Yoenis turns in defensive gem with HR robbery

Tigers left fielder delights Price, denies Suzuki

Yoenis turns in defensive gem with HR robbery

DETROIT -- The Tigers hit the first two home runs of the Major League season Monday afternoon. Detroit left fielder Yoenis Cespedes became the first to take one back.

"I thought it was a home run," Tigers manager Brad Ausmus said of Cespedes' highlight catch on Kurt Suzuki's third-inning drive. "Usually I don't watch the ball as much as I watch the outfielder. And I could tell that Cespedes had a bead on it, but I still thought it was going to get over the fence. Clearly I was wrong."

The catch allowed David Price to work a perfect first trip through the Twins' lineup in his Opening Day start for the Tigers, a 4-0 victory. It also defied the notion that Cespedes' defense is based almost entirely on his arm.

Price retired Minnesota's first seven batters in order with nary a hard-hit ball. He had Suzuki in a two-strike count before the catcher jumped on a 1-2 pitch and sent it deep toward left. Cespedes, making his Tigers debut, got a tentative early read, but had to make up ground near the fence, giving him enough momentum to make a leap for the ball.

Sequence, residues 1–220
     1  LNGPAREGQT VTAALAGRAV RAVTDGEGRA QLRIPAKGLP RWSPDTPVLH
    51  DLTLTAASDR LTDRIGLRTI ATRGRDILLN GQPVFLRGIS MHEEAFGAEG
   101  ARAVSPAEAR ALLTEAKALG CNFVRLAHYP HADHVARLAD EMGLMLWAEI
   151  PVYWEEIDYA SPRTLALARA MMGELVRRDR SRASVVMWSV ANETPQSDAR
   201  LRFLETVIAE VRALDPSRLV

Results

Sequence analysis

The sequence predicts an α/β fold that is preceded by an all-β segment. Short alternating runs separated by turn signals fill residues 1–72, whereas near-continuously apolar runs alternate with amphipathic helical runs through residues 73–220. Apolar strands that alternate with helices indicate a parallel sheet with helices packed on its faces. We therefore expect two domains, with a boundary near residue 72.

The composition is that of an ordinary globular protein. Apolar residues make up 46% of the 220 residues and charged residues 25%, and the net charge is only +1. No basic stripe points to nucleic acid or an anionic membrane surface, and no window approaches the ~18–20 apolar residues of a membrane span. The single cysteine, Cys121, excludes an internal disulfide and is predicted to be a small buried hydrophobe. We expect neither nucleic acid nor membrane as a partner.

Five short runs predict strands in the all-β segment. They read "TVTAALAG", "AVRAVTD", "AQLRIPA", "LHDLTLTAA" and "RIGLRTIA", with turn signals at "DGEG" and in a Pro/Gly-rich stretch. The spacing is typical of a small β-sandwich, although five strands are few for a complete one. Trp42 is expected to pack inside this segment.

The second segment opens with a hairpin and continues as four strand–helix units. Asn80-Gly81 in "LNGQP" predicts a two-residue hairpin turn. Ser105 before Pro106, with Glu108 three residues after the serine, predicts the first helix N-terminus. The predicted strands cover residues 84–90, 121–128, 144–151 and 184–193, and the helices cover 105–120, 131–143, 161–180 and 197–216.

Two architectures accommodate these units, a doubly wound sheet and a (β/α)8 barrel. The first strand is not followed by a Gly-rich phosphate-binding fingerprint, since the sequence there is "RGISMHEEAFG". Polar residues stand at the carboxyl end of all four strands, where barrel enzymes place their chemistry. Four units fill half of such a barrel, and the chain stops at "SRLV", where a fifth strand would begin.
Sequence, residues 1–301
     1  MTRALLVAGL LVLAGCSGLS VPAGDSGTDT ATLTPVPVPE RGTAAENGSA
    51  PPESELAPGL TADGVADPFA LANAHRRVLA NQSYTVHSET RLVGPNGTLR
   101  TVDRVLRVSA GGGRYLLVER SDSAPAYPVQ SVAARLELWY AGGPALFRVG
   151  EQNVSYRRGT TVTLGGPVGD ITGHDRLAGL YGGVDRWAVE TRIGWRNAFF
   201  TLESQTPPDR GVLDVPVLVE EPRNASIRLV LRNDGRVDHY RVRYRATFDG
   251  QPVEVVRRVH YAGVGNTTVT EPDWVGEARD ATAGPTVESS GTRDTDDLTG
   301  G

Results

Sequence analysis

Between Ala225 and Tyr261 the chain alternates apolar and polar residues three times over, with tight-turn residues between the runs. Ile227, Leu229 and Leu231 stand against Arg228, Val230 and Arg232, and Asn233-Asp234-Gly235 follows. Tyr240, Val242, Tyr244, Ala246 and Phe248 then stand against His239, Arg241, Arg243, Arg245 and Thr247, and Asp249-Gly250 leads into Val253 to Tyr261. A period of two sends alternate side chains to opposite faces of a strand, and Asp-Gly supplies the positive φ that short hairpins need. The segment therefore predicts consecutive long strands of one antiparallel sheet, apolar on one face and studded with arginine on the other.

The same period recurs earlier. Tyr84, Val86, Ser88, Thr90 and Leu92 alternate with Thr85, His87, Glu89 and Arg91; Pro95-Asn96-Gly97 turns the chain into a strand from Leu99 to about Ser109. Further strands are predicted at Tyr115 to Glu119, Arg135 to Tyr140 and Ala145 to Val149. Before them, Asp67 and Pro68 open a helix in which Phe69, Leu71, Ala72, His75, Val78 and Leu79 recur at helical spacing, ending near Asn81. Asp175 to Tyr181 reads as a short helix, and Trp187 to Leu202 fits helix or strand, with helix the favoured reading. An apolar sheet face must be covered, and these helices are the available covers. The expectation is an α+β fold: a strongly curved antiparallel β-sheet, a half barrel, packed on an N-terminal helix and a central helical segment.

Cespedes legs out a triple

Cespedes said through a translator that he wasn't sure whether he had a shot until he felt the wall. Replays showed he reached well over the fence to make the catch.

"He timed that thing perfectly," second baseman Ian Kinsler said. "It was a great play."

Price looked back, laughed and applauded. Asked what he was thinking, Price said, "Give me a new ball, Joe."

Price was referring to home-plate umpire Joe West. In other words, he thought home run.

"That's what I thought was going on," Price said. "I just saw him tracking it all the way to the wall and jumped up and made that catch. He just missed making a catch like that in my last start in spring training in Lakeland. It kind of just bounced off his glove. But that one, it was awesome."

Cespedes also showed off his power and speed. His triple to the deepest part of left-center field was a display of both, nearly putting a ball in the shrubs, then shifting gears when center fielder Jordan Shafer missed the ball on his leaping attempt.

"He's very athletic, he really is," Ausmus said. "He's a lot faster than I gave him credit for when he was in Oakland. I know he was hampered by some injuries there, some leg injuries. But we noticed it right off the bat in Spring Training. This is a very athletic baseball player."

Jason Beck is a reporter for MLB.com. Read Beck's Blog and follow him on Twitter @beckjason. This story was not subject to the approval of Major League Baseball or its clubs.